In response to Congressional Review Act activity on state-sponsored retirement plans, there is an outcry that Congress is impeding on states’ rights to help their employers and employees save for retirement. In fact, the exact opposite is true. By eliminating loopholes for states, Congress is ensuring that states who want to provide retirement options for private employees are provided with the same protections as all other private employees.
The Employee Retirement Income Security Act (ERISA) is a federal statute that oversees the implementation and management of private, employer-provided retirement plans. To guard against fraud and abuse, ERISA establishes minimum requirements for employers who administer these retirement plans for their workers. These requirements include providing information to participating workers about the retirement plan, its investments, associated fees, funding, vesting schedules, and other key terms. Further, in accordance with the common law principles of trust law, ERISA imposes strict standards of accountability on plan fiduciaries by requiring them to handle fund assets in the best interests of the plan participants. Fiduciaries who fail to follow these principles may be held personally liable for restoring losses to the plan. The potential penalties are backed by the threat that under ERISA either the government or individual plan participants can exercise the right to sue for lost benefits and breaches of fiduciary duty.
States falsely argue that they cannot provide benefit plans without an exemption from ERISA. To the contrary, there are several options for states that want to enhance retirement savings without undoing ERISA protections.
Washington and New Jersey have enacted Marketplace Retirement Savings programs. While different in details, the premise is that the state would work with employers to establish a program that connects eligible employers with qualifying plans. Participation in the marketplace is completely voluntary for both employers and employees and generally limited to small employers with less than 100 workers. Under these marketplace plans, the state may set parameters for the types of investments and the costs and also develop educational and marketing materials among other things.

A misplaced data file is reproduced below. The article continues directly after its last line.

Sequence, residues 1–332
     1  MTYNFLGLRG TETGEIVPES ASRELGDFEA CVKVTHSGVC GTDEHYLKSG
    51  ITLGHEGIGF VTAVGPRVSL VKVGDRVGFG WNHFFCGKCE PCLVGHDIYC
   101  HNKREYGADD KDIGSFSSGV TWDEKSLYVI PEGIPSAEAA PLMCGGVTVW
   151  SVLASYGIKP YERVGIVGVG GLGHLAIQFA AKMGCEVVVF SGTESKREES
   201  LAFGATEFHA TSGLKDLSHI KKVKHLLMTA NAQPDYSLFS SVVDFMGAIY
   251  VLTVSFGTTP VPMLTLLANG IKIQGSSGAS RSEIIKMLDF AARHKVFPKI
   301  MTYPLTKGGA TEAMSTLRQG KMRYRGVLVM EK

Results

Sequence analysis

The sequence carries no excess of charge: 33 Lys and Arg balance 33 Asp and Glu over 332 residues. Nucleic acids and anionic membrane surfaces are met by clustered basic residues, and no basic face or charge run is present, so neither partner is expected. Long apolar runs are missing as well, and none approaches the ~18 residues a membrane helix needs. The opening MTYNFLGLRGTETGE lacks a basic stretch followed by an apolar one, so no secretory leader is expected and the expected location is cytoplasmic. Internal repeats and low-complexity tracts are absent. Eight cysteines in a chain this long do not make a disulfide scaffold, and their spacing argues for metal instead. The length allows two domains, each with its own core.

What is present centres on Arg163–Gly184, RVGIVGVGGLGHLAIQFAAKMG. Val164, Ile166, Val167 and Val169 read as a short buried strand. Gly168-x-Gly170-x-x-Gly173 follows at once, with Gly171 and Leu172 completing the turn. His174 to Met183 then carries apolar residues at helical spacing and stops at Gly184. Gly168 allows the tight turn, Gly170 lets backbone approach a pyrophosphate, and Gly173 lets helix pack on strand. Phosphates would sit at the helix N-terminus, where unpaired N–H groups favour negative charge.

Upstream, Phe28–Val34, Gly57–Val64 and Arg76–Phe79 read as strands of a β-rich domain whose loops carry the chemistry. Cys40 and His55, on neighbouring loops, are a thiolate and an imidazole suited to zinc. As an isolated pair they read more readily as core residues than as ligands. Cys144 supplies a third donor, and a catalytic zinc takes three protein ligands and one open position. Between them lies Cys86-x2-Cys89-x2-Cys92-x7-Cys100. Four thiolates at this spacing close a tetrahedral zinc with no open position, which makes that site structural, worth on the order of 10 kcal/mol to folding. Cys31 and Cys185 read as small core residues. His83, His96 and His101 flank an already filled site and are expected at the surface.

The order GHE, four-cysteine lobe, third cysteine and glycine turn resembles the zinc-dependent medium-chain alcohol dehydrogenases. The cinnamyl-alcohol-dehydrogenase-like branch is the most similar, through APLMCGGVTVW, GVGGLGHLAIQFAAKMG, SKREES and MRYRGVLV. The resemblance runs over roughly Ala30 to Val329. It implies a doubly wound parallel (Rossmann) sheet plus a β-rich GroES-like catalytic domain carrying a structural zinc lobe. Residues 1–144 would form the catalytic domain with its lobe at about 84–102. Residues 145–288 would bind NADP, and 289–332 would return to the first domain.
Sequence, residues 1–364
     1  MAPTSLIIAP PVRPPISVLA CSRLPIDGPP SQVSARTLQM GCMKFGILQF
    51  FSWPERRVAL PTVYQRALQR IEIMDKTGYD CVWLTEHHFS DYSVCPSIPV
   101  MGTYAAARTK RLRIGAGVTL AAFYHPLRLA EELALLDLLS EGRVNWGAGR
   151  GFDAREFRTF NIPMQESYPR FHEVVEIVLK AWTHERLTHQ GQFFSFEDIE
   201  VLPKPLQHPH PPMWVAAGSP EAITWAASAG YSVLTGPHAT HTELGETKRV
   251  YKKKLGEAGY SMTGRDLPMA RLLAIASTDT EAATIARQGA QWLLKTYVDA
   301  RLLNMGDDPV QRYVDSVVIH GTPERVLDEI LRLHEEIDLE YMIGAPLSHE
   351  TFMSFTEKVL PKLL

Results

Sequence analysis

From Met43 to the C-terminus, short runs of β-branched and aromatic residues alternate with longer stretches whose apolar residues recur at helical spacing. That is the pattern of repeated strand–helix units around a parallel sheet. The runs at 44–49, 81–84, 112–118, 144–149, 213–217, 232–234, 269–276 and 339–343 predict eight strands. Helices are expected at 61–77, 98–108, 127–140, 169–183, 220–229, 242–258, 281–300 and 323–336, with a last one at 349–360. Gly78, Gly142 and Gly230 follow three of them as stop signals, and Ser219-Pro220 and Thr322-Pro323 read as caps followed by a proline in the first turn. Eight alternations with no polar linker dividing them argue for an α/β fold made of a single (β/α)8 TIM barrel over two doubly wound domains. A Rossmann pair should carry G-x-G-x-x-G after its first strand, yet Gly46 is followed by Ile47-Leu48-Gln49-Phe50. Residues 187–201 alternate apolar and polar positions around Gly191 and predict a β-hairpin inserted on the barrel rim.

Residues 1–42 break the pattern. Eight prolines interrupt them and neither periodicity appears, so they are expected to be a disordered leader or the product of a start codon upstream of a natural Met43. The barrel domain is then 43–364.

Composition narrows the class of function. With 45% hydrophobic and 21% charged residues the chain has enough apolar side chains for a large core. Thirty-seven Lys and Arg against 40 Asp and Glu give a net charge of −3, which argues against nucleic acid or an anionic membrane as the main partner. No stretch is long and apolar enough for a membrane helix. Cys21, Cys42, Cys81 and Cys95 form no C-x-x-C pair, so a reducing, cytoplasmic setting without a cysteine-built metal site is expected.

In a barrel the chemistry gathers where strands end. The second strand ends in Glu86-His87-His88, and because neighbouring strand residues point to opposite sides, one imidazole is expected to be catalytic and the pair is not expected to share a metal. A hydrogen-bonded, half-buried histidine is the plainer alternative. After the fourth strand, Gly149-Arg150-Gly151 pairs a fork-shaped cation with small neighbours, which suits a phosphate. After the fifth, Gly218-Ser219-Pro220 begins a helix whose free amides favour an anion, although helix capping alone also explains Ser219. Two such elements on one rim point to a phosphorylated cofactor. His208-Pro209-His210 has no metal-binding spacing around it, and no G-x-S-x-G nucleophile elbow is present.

Massachusetts has adopted another approach – a prototype plan for nonprofit organizations with less than 20 employees. In this approach, participation by the organizations is voluntary. The retirement plan would be a tax-qualified defined contribution arrangement with various investment options available to employees. Contributions could be made by workers, their employers, or both. Employers would assume fiduciary obligations but could also delegate responsibilities to others – for instance, state law could allow the state or a state designee to perform these functions. Thus, the state or a designated third-party could assume responsibility for most administrative and asset management functions of an employer's prototype plan. The state could also designate low-cost investment options and a third-party administrative service provider for its prototype plans. This model could easily be expanded to for-profit organizations which would allow private employees to maintain ERISA protections.
Moreover, the DOL has provided an option for states to assist private employees under ERISA. At the same time that the DOL issued the loophole for state plans, it also issued an Interpretive Bulletin that allows states to provide retirement savings for private employees under ERISA. In this guidance, the DOL acknowledges the benefits of states operating under ERISA:
Under this guidance, a state could establish a “multiple employer” 401(k)-type plan, defined benefit plan, or other tax-favored retirement savings program. Employers that meet specified eligibility criteria could join the state multiple employer plan which would be subject to ERISA and Internal Revenue Code tax qualification requirements. The state, or a designated agent, would be the plan sponsor under ERISA and the named fiduciary and plan administrator responsible for administering the plan, selecting service providers, communicating with employees, paying benefits, and providing other plan services. A state could take advantage of economies of scale to lower administrative and other costs. Moreover, fiduciary responsibilities could be divided between the employers, the state, or other designated agents.
Consequently, there are three existing options for states that do not requires exemptions from the requirements of ERISA - a Marketplace Plan, a Prototype Plan, and a State Multiple Employer Plan. Each of these options facilitate employers and employees with retirement savings while still providing ERISA protections. So, the question is – why do some states want to manage plans for private employees without providing the protections of ERISA?
About the authors
Aliya Wong was the Executive Director of Retirement Policy at the United States Chamber of Commerce.